So far, it seems as though UBS’s more optimistic forecast will come to fruition. Economic data released through the end of summer show consumer spending and sentiments slowing their pace of recovery amid a resurgence of virus cases. Congress has made little progress on a second stimulus bill, and numerous economists fear a lack of fresh aid will prolong the already steep recession.” – Market Insider.
So basically UBS is arguing that the recent bad economic and stimulus gridlock news is good news because it means the Fed is likely to remain dovish for longer. Isn’t it a bit speculative to say stocks can keep rallying almost 10% more from here, on what is effectively bad economic news? That it is, but there are two bits of additional data that support UBS’s notion of a 3,700 S&P 500 by June 2021.
2 Things Are on the Side of the Bulls
In order for UBS to be correct, don’t 10-year yields have to remain at historically low levels, specifically 3.85% or lower? Take a look at the Congressional Budget Office’s latest long-term economic forecast:
The CBO estimates that the 10-year treasury yield will finish not just 2020 at 0.9% but remain at that level even at the end of 2021. Ok, but that’s just interest rates, and while the market rally has largely been driven by a sense of TINA, or “there is no alternative” to stocks (which is the heart of UBS’s thesis) is there some other potential catalyst that could actually drive a nearly 10% rally from these already loft valuations? Indeed there is a sense of FOMO or fear of missing out. Here is some interesting historical market data courtesy of Lipper Financial.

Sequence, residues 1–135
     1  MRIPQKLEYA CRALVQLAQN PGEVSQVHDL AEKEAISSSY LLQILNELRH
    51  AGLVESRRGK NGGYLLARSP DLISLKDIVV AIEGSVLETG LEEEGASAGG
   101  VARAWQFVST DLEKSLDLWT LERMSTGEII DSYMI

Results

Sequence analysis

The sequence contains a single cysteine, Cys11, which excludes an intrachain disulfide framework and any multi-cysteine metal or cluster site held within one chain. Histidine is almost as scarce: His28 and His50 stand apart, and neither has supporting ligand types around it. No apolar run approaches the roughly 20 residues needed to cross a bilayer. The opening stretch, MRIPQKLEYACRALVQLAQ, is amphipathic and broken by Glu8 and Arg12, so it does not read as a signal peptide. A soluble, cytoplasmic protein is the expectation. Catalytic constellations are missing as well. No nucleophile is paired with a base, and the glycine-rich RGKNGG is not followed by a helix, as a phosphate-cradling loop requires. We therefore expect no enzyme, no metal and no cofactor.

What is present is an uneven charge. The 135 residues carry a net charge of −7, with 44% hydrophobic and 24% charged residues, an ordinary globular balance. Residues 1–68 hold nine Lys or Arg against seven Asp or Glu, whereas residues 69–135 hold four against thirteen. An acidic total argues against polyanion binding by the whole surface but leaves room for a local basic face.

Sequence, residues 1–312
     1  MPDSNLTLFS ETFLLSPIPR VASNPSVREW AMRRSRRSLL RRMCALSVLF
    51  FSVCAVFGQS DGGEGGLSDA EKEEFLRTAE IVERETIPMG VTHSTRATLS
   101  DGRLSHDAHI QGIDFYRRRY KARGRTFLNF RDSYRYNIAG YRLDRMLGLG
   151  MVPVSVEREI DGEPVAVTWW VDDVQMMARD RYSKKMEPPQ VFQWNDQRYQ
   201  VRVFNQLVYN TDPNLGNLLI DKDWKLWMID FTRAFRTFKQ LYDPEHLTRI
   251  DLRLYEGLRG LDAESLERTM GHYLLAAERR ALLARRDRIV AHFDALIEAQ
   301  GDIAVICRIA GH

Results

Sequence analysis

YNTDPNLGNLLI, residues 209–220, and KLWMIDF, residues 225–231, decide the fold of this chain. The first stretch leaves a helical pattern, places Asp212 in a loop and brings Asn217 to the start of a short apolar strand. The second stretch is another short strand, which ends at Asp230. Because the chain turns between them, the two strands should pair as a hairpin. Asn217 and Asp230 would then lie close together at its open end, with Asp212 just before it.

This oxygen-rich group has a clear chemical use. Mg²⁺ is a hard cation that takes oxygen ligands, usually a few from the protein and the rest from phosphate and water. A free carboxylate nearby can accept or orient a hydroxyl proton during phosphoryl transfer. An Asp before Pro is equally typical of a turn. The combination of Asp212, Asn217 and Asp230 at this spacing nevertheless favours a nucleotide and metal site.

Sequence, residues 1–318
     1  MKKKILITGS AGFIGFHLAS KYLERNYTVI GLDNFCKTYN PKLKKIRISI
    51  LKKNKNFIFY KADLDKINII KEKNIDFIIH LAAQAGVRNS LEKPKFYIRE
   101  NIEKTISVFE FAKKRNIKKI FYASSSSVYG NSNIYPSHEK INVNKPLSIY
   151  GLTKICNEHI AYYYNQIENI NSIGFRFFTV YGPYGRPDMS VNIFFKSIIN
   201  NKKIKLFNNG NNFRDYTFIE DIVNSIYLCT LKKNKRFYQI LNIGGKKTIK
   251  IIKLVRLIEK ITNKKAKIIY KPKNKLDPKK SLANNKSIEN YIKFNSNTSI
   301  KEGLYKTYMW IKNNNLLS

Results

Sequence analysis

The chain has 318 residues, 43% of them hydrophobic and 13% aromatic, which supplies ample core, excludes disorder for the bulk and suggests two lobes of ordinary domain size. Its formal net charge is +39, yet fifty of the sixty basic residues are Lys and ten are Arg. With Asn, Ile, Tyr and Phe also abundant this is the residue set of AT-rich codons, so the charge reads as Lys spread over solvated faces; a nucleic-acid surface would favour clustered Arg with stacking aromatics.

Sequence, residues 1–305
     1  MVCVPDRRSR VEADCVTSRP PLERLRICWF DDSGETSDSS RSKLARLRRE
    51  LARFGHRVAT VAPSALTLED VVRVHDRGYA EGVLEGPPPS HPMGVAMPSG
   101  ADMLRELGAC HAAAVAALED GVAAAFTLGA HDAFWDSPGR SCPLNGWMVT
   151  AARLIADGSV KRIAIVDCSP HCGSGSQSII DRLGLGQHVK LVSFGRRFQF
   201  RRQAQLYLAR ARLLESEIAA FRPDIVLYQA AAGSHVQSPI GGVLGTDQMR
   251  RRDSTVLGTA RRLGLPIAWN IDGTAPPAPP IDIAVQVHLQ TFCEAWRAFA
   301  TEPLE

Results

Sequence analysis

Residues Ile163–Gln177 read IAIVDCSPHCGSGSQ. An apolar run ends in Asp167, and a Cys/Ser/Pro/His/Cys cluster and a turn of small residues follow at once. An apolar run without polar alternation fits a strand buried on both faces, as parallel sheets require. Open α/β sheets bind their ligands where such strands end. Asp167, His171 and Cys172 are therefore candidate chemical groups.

In the 19 historical 100-day, post-correction rallies since 1950 just one have seen stocks fall in the following 12 months, back in 1987. 94% of the time stocks have gone up in the following 12 months, an average and median of 9.4%, pretty much exactly what UBS is expecting. In addition, the historical annual return since 1871 for the S&P is 9.2% CAGR, further giving some historical credence to UBS’s otherwise speculative call.
On Wall Street, there are no guarantees, only probabilities. While history and momentum are firmly on the side of the bulls, there are plenty of risk factors that could derail the greatest bear market recovery rally in US history. In part two of this article, I’ll explain the good news and bad news about the likely coming market rally. Most importantly, I’ll explain how you can both personally maximize your profits while minimizing the risk of catastrophic losses if UBS and all the other optimistic analysts in recent weeks turn out to be wrong.
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SPY shares were trading at $345.40 per share on Wednesday morning, up $1.28 (+0.37%). Year-to-date, SPY has gained 8.42%, versus a % rise in the benchmark S&P 500 index during the same period.
About the Author: Adam Galas
Adam has spent years as a writer for The Motley Fool, Simply Safe Dividends, Seeking Alpha, and Dividend Sensei. His goal is to help people learn how to harness the power of dividend growth investing. Learn more about Adam’s background, along with links to his most recent articles. More...